SHERIFF MANNY GONZALES:

Based on the 26 days remaining, it appears that Sheriff Manny Gonzales is having difficulty in collecting both the nominating petition signatures as well as the $5.00 qualifying donations. Gonzales has collected 56% of the required 3,000 signatures and needs to collect another 1,322 more, which is doable over the remaining 26 day remaining to collect.

However, Gonzales is struggling to collect the verified $5.00 Qualifying Contributions and has collected 1,792 or 47% and needs to collect another 1,978 donations or at least 76 donations a day for the next 26 days. If Gonzales does not qualify for public finance, he could declare he will seek private financing and stay in the race but it will be a major setback to his campaign. Gonzales will no doubt ramp up private donation efforts but donors will be reluctant to contribute to both him and a measured finance committee. Another impact of failure to qualify for public finance will be to dry up private contributions to the two measured finance committees set up to promote him.

Sources are also saying that Republican political operative and consultant Jay McClesky, know for his slash and burn tactics, is managing the Gonzales campaign and for that reason may be trying to turn things around for the Sheriff by tapping into Republican support for Gonzales. McClesky managed both former Republican Mayor Berry’s campaigns for Mayor as well as both campaigns for Republican Governor “She Whose Shall Not Be Named”.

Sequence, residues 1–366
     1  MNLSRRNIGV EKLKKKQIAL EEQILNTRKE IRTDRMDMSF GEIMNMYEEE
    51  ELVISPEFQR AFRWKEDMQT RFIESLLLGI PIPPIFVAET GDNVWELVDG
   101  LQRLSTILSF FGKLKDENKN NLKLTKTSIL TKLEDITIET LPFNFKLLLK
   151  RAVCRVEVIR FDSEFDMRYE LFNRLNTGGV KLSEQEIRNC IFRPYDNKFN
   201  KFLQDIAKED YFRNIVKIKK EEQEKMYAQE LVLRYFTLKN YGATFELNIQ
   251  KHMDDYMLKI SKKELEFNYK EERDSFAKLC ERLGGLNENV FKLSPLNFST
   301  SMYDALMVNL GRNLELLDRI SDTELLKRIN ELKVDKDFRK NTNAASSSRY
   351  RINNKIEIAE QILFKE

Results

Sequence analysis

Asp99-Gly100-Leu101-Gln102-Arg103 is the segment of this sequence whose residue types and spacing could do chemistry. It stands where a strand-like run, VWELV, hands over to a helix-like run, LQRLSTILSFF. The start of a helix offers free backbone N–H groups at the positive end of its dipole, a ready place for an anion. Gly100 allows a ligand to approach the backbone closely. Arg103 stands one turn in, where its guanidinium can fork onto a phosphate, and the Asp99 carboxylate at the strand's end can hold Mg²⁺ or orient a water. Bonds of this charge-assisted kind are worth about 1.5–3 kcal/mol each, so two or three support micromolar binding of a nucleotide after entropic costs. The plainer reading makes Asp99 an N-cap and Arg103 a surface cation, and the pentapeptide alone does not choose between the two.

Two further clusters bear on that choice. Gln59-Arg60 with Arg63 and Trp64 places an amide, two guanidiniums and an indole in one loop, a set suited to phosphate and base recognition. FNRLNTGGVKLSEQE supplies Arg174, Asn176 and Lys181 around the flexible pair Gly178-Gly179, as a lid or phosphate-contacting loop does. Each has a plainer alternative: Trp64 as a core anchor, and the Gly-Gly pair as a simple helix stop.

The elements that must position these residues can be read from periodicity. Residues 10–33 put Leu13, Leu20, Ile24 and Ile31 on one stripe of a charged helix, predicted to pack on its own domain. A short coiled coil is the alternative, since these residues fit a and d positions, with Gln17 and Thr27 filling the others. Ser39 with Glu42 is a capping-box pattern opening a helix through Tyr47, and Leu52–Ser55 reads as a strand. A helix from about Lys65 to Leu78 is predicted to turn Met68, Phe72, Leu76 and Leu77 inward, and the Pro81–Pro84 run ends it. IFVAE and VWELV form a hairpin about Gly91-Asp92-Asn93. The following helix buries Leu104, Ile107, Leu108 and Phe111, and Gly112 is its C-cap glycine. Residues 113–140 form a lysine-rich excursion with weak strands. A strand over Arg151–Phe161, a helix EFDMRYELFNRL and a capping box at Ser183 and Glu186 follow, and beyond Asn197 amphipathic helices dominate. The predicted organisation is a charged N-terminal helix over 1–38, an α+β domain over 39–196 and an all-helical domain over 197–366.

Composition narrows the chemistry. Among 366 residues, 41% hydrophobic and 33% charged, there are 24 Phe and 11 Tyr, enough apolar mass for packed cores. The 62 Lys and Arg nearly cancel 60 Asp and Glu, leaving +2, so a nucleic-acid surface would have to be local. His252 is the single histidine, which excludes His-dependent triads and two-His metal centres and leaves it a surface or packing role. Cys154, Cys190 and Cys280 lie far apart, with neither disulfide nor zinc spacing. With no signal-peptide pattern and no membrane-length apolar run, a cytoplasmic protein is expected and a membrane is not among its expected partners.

PATRICK BEN SAIS

Based on the numbers for PATRICK BEN SAIS, it is not at all likely he will even make the ballot.

MEASURED FINANCE COMMITTEES

As of May 25, there are 4 measured finance committees with the following donors :

1. RETIRED LAW ENFORCEMENT FOR A BETTER ALBUQUERQUE: $550 CASH BALANCE FROM 2 DONORS

STATED PURPOSE: “SUPPORT ALBUQUERQUE MAYORAL CANDIDATE WHO WILL IMPROVE THE QUALITY OF LIFE FOR IT’S CITIZENS AS WELL AS OPPOSE CANDIDATES THAT ARE DETRIMENTAL TO THE FUTURE GROWTH AND SAFETY OF ALBUQUERQUE”

The chairperson of the “Retired Law Enforcement for a Better Albuquerque is Jason Katz and the Treasurer is listed as Sistine Jaramillo. Upon information and belief, Jason Katz is a former and retired Chief Deputy of the Bernalillo County Sheriff’s Office and is a longtime supporter and has worked for Gonzales. No background information could be located on Sistine Jaramillo.

DONORS

On April 12, Jason Katz donated $300
On May 3, Michael L. Chavez, listed as retired donated $250.

https://campaignfinance.cabq.gov/PublicSite/Reports/FetchReportToPDF.aspx

2. SAVE OUR CITY: $16,495 CASH BALANCE FROM 2 DONORs

https://campaignfinance.cabq.gov/PublicSite/SearchPages/OrganizationDetail.aspx?OrganizationID=7109